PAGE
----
Monday, January 23, 2017

An Open Letter to FCC Chairman-Nominee Ajit Pai

Dear Commissioner Pai:

Congratulations on your likely nomination to become Chairman of the Federal Communications Commission.  For the good of everyone in the country, I hope you will lead the Commission with decorum, pragmatism and collegiality, no matter how real your prior grievances.  You owe everyone a renewed commitment toward humility, grace and an open mind, despite real or perceived justifications for snarkiness, sanctimony and hubris.

I am greatly disappointed that the FCC has become so partisan and fractious.  Far too many years ago, Commissioners of both Parties sought compromise rather than self-aggrandizement and accommodation of a few key stakeholders.  The public interest served as a goal worth identifying and serving.

As recently as 2005, all Commissioners could reach closure on basic principles of the role of the FCC in helping shape the Internet.  Every Commissioner agreed that the FCC could achieve a greater good with well-calibrated oversight and a limited regulatory regime, neither interventionist nor libertarian.  This agreement did not take a lot of pages, did not originate in the word processor of an outside law firm, or consultant and did not require endorsement by sponsored researchers, political parties and the most vocal and deep pocketed stakeholders.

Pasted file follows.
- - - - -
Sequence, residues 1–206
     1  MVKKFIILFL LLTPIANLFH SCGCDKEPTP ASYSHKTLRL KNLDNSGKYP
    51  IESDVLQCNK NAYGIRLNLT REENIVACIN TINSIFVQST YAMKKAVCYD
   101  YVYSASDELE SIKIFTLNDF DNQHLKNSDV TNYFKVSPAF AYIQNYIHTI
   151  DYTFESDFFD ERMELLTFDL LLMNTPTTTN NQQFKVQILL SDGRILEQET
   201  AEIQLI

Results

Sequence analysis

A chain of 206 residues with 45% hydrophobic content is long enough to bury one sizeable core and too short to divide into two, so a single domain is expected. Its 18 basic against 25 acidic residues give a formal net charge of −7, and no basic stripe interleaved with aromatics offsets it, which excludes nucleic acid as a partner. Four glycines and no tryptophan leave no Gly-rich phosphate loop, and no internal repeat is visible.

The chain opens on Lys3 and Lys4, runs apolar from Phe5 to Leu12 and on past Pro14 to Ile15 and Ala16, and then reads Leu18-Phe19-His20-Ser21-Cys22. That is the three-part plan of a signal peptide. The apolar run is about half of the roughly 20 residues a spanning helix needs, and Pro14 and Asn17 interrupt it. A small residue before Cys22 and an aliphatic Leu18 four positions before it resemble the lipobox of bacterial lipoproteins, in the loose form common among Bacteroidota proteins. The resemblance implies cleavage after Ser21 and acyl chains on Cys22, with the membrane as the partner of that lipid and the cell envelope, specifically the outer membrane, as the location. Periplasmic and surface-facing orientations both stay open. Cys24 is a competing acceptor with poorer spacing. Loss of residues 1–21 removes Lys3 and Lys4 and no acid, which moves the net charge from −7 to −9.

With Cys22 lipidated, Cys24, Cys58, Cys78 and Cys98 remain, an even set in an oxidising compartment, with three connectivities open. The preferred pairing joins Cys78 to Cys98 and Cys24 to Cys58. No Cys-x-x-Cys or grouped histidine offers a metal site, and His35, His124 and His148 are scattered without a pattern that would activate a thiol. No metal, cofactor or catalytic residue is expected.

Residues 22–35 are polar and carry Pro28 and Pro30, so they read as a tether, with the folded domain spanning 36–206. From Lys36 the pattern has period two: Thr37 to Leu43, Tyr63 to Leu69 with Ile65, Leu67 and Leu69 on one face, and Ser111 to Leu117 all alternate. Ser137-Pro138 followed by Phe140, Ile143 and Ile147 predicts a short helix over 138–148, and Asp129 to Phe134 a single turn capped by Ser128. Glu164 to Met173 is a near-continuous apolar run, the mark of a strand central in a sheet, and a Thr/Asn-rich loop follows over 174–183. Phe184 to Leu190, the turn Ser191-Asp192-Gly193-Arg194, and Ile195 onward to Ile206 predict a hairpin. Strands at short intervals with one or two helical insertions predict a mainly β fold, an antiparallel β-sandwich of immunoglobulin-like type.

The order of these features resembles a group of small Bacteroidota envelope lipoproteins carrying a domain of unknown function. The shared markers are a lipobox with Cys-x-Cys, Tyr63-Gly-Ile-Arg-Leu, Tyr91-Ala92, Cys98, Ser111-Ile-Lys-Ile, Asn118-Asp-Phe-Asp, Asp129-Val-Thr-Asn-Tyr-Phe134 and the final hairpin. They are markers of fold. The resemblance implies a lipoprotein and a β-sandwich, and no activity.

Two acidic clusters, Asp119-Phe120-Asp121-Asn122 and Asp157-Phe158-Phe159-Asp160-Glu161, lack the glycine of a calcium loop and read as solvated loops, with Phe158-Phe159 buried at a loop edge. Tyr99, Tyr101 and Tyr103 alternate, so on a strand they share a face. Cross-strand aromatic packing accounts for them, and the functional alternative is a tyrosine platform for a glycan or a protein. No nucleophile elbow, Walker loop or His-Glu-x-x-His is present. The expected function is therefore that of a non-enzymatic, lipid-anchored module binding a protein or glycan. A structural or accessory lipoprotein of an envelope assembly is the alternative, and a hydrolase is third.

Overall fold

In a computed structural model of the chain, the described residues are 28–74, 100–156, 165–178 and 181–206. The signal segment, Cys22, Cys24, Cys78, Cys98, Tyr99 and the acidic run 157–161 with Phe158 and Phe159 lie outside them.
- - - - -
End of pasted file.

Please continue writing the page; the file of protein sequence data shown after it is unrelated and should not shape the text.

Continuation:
Going further back in time, the Republican Party’s public interest mandate included rigorous antitrust enforcement and a commitment to a level competitive playing field.  You might not know that in true Teddy Roosevelt fashion, President Nixon’s Justice Department started the litigation that eventually resulted in the divestiture of AT&T and the unleashing of competitive energies.

I hope you will take every effort to achieve consensus which used to be the usual outcome of matters before the FCC.  Issues did not have a Republican position and an opposite Democratic one.  Most votes were unanimous, because fair minded Commissioners—led by a fair-minded Chairman—could achieve a just and proper outcome, even if it disappointed a major incumbent.

No one had to overreach, or grandstand.  No one had to write 50 page dissents.  No one dared resort to smugness, righteous indignation and arrogance.

I share your excitement about the promise of telecommunications and information technology to enhance national welfare and make life better for all.  Such potential makes it that much more important that you strive to lead by example and refrain from using your considerable power to settle all the grudges you bear.

Best wishes for a successful Chairmanship.

Sincerely,

Rob Frieden, Pioneers Chair and Professor of Telecommunications and Law
Pennsylvania State University

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